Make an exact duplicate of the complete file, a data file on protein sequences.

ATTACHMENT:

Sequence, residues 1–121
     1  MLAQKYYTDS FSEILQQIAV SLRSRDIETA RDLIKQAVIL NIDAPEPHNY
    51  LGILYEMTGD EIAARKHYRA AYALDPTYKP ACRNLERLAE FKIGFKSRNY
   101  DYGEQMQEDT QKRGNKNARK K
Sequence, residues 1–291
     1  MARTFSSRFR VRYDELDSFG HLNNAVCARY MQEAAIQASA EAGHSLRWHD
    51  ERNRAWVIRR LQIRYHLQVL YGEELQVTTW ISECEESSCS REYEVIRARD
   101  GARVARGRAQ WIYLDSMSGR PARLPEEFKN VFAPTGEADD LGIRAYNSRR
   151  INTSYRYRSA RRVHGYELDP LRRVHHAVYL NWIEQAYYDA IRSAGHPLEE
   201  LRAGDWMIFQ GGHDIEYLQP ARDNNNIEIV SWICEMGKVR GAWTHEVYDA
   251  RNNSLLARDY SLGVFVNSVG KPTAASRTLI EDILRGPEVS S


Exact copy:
Sequence, residues 1–121
     1  MLAQKYYTDS FSEILQQIAV SLRSRDIETA RDLIKQAVIL NIDAPEPHNY
    51  LGILYEMTGD EIAARKHYRA AYALDPTYKP ACRNLERLAE FKIGFKSRNY
   101  DYGEQMQEDT QKRGNKNARK K
Sequence, residues 1–291
     1  MARTFSSRFR VRYDELDSFG HLNNAVCARY MQEAAIQASA EAGHSLRWHD
    51  ERNRAWVIRR LQIRYHLQVL YGEELQVTTW ISECEESSCS REYEVIRARD
   101  GARVARGRAQ WIYLDSMSGR PARLPEEFKN VFAPTGEADD LGIRAYNSRR
   151  INTSYRYRSA RRVHGYELDP LRRVHHAVYL NWIEQAYYDA IRSAGHPLEE
   201  LRAGDWMIFQ GGHDIEYLQP ARDNNNIEIV SWICEMGKVR GAWTHEVYDA
   251  RNNSLLARDY SLGVFVNSVG KPTAASRTLI EDILRGPEVS S